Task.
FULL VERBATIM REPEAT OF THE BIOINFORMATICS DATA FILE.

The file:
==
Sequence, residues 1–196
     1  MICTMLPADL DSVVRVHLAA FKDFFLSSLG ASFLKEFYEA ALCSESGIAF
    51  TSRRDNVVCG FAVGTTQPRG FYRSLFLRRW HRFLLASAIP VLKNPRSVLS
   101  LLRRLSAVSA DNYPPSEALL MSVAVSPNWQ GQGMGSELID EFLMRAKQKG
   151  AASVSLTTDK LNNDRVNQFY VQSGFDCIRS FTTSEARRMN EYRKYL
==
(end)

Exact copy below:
Sequence, residues 1–196
     1  MICTMLPADL DSVVRVHLAA FKDFFLSSLG ASFLKEFYEA ALCSESGIAF
    51  TSRRDNVVCG FAVGTTQPRG FYRSLFLRRW HRFLLASAIP VLKNPRSVLS
   101  LLRRLSAVSA DNYPPSEALL MSVAVSPNWQ GQGMGSELID EFLMRAKQKG
   151  AASVSLTTDK LNNDRVNQFY VQSGFDCIRS FTTSEARRMN EYRKYL